A new set of numbers highlight who's losing the commercial airline war...

Reuters reported last week that Airbus won the volume war with Boeing (BA) last year for the first time since 2011.

While Airbus has repeatedly beaten Boeing in terms of orders since 2011, Airbus delivered 863 aircraft in 2019, versus 806 for Boeing.

As we've said repeatedly in Altimetry Daily Authority – including on December 20 and December 31 – Boeing is under more pressure than the market may understand.... and this is yet another sign of the plane maker's issues.

During the Great Recession, I worked for hedge fund Abernathy...

As the markets collapsed, we pivoted from mostly equity-only investing to diversifying into bonds in the fourth quarter of 2008.

If you were paying attention to the data, it was hard not to want to wade into the credit markets. There were so many bonds offering equity-like returns and trading at a significant discount to par value.

And as long as the world didn't end, many of them were going to be "money good" – with fat coupons and capital appreciation. It's a savvy investor's dream.

Coming from an equity background, we generally valued assets based on cash flows and earning power – much like here at Altimetry when we talk about Uniform return on assets ("ROA").

But to identify which companies had bonds that would be money good – or which companies could refinance their debt – we needed to start to think like creditors do.

If you ask a creditor, there are two primary forms of lending to extend credit to individuals or institutions...

The first, similar to how most equity investors think, is cash-flow-based lending.

When a bank looks at a corporation or an individual's ability to take on debt, it often examines annual cash flow.

For an individual, this means banks are looking at your income and expenses as a benchmark for how much debt you can take on.

The same logic applies for corporations. A bank will project a company's cash flows as a way of determining how much debt it's willing to lend. Typically, banks will assign a "coverage ratio" – usually measured by how many "times" a company can service its debt obligations with its cash flows.

There are different types of coverage ratios, but one of the most common is the interest coverage ratio, which is the multiple of a company's earnings before interest, taxes, depreciation, and amortization ("EBITDA") to its annual interest expense.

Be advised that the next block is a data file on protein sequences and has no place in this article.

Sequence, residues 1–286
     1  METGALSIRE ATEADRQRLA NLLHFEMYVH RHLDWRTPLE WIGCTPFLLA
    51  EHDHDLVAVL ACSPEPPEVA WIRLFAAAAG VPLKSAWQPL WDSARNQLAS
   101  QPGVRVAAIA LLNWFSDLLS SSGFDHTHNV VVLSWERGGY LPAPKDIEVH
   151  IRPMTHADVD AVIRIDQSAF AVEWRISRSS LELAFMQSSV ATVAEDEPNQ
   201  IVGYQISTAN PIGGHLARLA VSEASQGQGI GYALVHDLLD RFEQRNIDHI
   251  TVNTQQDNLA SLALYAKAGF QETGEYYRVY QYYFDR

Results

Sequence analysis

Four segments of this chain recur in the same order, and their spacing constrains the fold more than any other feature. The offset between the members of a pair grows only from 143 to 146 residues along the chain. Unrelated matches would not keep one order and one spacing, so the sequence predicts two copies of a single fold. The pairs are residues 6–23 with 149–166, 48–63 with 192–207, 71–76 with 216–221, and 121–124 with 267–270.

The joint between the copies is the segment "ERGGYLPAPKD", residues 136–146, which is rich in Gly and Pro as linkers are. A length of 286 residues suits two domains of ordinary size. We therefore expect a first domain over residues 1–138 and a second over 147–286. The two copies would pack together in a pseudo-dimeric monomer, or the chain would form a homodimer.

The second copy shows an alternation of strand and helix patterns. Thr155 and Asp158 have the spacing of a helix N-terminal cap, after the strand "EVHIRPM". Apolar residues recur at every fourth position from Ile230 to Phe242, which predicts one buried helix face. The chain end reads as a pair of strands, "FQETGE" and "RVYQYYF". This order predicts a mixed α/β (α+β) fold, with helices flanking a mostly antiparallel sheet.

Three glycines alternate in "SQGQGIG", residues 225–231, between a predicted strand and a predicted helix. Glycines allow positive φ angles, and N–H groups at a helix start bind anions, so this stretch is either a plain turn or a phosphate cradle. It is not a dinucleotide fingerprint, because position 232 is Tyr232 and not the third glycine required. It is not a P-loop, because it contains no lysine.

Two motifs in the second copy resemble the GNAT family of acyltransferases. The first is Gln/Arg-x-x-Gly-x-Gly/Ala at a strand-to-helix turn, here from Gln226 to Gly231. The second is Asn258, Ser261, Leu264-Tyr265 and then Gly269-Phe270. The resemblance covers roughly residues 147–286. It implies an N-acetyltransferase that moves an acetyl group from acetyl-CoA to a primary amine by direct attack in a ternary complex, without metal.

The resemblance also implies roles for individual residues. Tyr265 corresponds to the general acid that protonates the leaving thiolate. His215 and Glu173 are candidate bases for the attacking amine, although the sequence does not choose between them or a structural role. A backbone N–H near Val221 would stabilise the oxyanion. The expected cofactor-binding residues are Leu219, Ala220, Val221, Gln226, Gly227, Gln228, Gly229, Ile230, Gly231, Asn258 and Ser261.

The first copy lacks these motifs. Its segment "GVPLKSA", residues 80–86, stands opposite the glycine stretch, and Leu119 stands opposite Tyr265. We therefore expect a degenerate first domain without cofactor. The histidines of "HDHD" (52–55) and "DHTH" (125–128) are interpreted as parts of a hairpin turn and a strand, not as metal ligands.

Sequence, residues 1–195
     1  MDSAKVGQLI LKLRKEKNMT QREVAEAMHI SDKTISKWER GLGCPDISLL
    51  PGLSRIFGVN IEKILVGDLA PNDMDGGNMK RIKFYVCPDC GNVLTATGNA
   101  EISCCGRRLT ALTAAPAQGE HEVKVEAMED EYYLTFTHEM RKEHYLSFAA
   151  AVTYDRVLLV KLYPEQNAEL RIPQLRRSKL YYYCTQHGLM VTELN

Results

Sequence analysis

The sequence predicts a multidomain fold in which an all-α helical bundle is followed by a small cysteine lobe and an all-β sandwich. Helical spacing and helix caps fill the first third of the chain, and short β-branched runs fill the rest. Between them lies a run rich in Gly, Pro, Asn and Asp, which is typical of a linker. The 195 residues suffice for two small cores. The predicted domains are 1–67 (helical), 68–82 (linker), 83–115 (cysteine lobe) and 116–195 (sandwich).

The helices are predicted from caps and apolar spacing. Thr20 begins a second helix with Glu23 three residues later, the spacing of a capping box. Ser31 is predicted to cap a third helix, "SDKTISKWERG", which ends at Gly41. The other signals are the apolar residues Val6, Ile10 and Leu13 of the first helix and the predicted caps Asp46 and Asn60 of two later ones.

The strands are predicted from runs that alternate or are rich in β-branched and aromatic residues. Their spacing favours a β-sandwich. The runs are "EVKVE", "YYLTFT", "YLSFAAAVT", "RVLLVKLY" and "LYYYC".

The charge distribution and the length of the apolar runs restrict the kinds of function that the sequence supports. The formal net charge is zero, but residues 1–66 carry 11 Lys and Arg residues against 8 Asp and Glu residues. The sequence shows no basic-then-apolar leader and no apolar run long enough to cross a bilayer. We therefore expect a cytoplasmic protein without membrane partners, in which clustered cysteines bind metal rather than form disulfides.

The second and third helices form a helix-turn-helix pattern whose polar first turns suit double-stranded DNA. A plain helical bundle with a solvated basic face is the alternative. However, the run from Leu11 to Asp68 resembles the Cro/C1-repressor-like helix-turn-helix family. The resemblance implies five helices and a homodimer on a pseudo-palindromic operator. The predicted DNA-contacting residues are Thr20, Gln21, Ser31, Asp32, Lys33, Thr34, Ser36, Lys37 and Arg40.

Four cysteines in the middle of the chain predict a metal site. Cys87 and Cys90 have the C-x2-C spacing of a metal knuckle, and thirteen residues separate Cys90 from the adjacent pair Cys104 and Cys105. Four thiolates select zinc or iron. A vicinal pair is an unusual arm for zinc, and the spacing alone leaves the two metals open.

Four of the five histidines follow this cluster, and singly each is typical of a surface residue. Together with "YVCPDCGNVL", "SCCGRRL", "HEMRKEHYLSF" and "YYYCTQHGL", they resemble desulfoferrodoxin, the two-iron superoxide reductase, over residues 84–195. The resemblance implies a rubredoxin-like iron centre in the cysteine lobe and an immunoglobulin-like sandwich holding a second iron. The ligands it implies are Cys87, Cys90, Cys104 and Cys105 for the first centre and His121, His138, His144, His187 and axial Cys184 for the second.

We've written about this topic before – specifically highlighting aggregate corporate cash flows compared to aggregate debt. It can be useful to measure aggregate coverage ratios as a proxy for how much leverage is in the economy.

The other main type of lending is asset-based lending. Rather than looking at cash flows as a proxy for debt capacity, banks and other lenders can also look at a company or an individual's asset base as a way to lend debt.

For an individual, this form of lending is more common than you might imagine. Mortgages and auto loans are forms of asset-based lending – if you default on your loan payments, the bank simply takes the car or the house as repayment. The reason the interest rate on the loan is lower than it is on credit cards is because it is asset-backed.

The same principle applies to corporate asset-based lending. During the height of the financial crisis, MGM Resorts (MGM) had no cash flow to speak of, and it was desperate to refinance its upcoming debt maturities.

While no bank would be able to justify a cash-flow-based loan for the company, MGM was able to leverage its huge collection of Las Vegas assets as collateral to refinance in the heart of the credit seizure.

Similar to MGM, it's important to look at how much debt capacity the economy has in case companies are unable to maintain cash flows.

Across all businesses, an asset that can provide a good benchmark at any given time is cash on hand.

Looking at corporate cash (not to be confused with cash flow) compared with upcoming debt maturities is a good indicator of how strong of a liquidity buffer the economy has.

The below chart highlights the number of companies in the S&P 500 Index with cash on hand greater than their debt obligations for the next one, two, and three fiscal years. Take a look...

In 2018, cash relative to debt reached its lowest level in more than a decade. This might be driven by a few reasons, but it generally means the economy had less liquidity in 2018 than in previous years.

While not ideal, overall liquidity levels remained high. And in 2019, near-term liquidity is projected to reach a 10-year high. This is a reversal from 2018, as companies have begun to refinance their debt and build cash buffers – extending their maturities and improving short-term liquidity.

This is true for both debt coming due within a year and within two years, where the trend has also reversed. Given that roughly 70% of S&P companies are expected to have more cash than debt for fiscal year 2019 and fiscal year 2020, liquidity remains high in the economy.

As we've mentioned before in Altimetry Daily Authority, a recession and a deep bear market just do not occur without credit destruction. Even before we worry about the cash-flow strength of businesses, the cash liquidity that companies have to handle their obligations limits the risk of a credit crunch.

This is yet another signal that a recession doesn't look likely in the short term... and we'll continue to monitor these types of signals in the new year.


Rob Spivey
January 6, 2020